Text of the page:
Marginalization American Dream

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The American Dreams of Disenfranchised Mice, Men, and Outsiders For hundreds of years people have come from all over the world to America, to chase a dream coined “The American Dream”. This dream follows the belief that America offers vast opportunities to everyone who is willing to work hard. While the American Dream is most frequently of improving life quality for these immigrants and those they care about, often having land or a business of their own, it is also quite frequently for fame and fortune. These ideals have the great power to give people hope, voices, happiness, and even life. However, when something that powerful is taken away, the damage caused is more often than not, substantial. As is shown in the novella by John Steinbeck…show more content…
In Of Mice and Men, this is shown by Candy’s change in voice when given the dream to go with George and Lennie and get a piece of land. Candy is the swamper of the ranch, and because of his old age and one hand, he is unable to do many tasks and is believed to soon be fired from the ranch. This dream was not only a place to stay for Candy, it was a place where he will have company, since he wouldn’t end up fired and dying alone with no job or home, as he has presumed. Candy had enough confidence in this dream, that he no longer felt as though he was walking on eggshells and trying to cling on to this job and chance at company. Upon losing the dream, Candy loses the voice and confidence provided by the dream. Without the dream Candy is submissive and easily gives in to others, but with the dream as his backbone, “Candy joined the attack with joy” (-page 62 of Of Mice and Men) even though they both know that Curley is more powerful. Candy’s loss in voice is clear and pointed, however, the loss of voice from The Outsiders character Darry Curtis, is more subtle. Only seeing him after the dream has been taken from him, it isn’t possible to see a visable change and are limited to what Ponyboy (Darry’s younger brother and the main character) tells. From Ponyboy learn that “he had been a real popular guy in school; he was captain of the football team and he had been voted Boy of the Year But…show more content…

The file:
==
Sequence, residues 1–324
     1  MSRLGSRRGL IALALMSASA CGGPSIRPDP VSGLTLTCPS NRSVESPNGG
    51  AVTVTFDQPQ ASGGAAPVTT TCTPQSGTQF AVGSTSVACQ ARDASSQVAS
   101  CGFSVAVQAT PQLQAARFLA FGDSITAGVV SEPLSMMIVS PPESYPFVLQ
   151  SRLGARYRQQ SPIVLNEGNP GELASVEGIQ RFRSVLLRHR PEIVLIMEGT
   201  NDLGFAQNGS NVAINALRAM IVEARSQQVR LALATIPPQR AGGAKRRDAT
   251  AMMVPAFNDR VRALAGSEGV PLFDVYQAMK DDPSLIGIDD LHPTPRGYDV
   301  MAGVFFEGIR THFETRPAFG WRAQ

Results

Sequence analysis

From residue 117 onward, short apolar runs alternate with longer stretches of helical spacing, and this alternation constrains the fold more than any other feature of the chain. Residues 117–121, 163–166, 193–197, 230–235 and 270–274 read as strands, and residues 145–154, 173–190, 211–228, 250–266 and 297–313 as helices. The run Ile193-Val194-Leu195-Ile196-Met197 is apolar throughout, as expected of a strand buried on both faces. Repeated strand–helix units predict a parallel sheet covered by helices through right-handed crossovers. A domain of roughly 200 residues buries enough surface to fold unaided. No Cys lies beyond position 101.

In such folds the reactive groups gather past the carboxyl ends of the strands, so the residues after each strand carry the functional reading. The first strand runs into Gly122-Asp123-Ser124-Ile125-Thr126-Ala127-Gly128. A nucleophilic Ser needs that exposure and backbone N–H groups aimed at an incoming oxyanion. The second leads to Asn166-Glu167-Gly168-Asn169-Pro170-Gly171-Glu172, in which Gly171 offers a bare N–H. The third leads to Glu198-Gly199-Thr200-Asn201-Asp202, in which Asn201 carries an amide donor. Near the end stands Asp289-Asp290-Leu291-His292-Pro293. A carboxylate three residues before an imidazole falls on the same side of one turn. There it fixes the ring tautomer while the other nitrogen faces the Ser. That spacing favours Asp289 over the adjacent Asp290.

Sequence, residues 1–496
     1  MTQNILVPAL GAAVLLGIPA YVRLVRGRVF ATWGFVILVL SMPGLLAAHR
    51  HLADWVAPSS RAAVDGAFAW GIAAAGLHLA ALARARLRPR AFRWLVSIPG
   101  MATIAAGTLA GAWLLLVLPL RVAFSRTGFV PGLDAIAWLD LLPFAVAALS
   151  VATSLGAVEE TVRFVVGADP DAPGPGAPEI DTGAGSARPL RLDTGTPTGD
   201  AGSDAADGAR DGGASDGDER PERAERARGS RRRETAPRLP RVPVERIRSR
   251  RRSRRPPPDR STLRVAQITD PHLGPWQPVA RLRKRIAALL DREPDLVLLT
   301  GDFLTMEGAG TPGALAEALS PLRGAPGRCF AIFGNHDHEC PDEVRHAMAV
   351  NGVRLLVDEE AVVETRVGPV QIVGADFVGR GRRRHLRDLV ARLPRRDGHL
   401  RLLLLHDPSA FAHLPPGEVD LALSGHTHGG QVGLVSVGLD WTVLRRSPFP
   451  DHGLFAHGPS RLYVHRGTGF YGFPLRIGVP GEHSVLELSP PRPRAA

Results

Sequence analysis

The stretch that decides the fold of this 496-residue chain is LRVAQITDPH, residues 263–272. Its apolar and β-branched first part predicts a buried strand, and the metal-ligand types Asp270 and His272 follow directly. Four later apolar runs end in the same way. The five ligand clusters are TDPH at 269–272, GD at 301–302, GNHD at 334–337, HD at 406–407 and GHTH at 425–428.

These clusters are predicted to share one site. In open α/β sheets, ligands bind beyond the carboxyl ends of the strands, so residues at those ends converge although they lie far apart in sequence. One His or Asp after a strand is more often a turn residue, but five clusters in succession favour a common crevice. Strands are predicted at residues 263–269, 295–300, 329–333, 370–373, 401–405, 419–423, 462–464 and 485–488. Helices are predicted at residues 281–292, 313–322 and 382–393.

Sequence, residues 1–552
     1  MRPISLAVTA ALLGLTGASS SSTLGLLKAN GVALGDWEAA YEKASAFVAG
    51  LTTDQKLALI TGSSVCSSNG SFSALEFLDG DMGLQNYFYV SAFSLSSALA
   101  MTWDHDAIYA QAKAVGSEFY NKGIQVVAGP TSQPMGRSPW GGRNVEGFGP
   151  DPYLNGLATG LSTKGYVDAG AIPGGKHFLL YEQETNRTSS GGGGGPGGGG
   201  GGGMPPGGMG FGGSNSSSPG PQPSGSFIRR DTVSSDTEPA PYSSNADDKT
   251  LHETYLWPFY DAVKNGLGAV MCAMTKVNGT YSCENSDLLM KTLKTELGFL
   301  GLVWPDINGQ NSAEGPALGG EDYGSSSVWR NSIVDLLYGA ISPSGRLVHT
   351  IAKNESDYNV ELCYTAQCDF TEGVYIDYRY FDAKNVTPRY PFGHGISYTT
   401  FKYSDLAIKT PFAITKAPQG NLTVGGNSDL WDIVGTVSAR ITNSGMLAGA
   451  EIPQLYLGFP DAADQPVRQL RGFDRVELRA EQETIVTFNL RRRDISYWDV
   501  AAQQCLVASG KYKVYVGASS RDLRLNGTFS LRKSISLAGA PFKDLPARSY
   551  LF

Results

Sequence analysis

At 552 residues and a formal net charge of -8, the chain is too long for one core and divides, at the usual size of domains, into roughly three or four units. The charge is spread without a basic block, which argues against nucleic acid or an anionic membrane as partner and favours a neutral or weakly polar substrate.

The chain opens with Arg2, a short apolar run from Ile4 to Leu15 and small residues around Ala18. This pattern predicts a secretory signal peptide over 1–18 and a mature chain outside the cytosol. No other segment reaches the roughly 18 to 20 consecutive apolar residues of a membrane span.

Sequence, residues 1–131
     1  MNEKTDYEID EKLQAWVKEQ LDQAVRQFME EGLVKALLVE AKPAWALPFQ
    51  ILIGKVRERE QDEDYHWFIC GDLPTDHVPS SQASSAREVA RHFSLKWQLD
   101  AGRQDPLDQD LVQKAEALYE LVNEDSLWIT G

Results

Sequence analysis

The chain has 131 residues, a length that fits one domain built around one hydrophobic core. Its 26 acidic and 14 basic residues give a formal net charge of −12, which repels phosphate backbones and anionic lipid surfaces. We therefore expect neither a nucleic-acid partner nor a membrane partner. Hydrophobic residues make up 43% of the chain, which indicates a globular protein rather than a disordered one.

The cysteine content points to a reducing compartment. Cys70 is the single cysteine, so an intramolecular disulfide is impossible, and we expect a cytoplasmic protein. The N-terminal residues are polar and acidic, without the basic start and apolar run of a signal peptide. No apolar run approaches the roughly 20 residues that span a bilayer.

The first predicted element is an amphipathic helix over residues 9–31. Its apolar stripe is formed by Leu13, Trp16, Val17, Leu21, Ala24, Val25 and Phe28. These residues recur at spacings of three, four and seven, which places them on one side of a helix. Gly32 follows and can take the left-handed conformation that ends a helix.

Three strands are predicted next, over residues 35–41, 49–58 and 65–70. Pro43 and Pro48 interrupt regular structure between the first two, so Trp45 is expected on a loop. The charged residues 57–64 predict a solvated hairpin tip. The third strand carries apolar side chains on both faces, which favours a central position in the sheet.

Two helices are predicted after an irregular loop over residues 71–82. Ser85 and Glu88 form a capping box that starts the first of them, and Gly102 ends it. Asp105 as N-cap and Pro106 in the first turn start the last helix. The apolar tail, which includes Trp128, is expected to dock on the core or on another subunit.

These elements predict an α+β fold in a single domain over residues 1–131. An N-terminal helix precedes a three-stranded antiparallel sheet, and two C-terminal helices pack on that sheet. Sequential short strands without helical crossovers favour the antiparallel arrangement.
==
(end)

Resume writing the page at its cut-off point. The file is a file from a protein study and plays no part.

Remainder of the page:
As is the case with Curley’s wife and Dally. The wife of Curley, the cruel son of the boss who picks fightd on the ranch, from Of Mice and Men, is considered a tart by the ranch hands, and while she may be one, she is often just searching for someone to talk with. She doesn’t enjoy life on a ranch and is excruciatintly lonely the majority of the time. She likes to talk about a man who told her that “ ‘He was gonna put me in the movies. Says I was a natural. Soon’s he got back to Hollywood he was gonna write to me about it.’ She looked closely at Lennie to see whether she was impressing him. ‘I never got that letter,’ she said” (-page 88 of Of Mice and Men). Curley’s wife has lost her dream of being a movie star, and fame and fortune which she believes is due to her mother, causing her to walk into her loneliness. Due to this loneliness, she again walked into her own destruction, this time her death, when she joined Lennie in the barn even after seeing that Lennie has killed a puppy. Due to her loneliness, which was self-inflicted, she ends up dying, much like Dallas Winston from The Outsiders. Dally, the stereotypical greaser and thief, who is cold when it comes to all but Johnny, the second to youngest member of the gang, and the one who all feel obligated to take protect. Dally has lost most of his dream, knowing that given his social
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